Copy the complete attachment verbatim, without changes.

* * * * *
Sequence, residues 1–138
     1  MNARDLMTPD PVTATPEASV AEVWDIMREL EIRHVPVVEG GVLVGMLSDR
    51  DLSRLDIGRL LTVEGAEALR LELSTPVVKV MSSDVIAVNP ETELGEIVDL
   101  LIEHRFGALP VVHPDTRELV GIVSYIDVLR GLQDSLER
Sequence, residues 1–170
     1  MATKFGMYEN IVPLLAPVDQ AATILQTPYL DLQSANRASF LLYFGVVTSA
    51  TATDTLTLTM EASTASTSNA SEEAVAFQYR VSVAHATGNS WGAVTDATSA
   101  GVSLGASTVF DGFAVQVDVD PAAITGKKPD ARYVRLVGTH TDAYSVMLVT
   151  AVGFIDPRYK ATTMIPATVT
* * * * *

Sequence, residues 1–138
     1  MNARDLMTPD PVTATPEASV AEVWDIMREL EIRHVPVVEG GVLVGMLSDR
    51  DLSRLDIGRL LTVEGAEALR LELSTPVVKV MSSDVIAVNP ETELGEIVDL
   101  LIEHRFGALP VVHPDTRELV GIVSYIDVLR GLQDSLER
Sequence, residues 1–170
     1  MATKFGMYEN IVPLLAPVDQ AATILQTPYL DLQSANRASF LLYFGVVTSA
    51  TATDTLTLTM EASTASTSNA SEEAVAFQYR VSVAHATGNS WGAVTDATSA
   101  GVSLGASTVF DGFAVQVDVD PAAITGKKPD ARYVRLVGTH TDAYSVMLVT
   151  AVGFIDPRYK ATTMIPATVT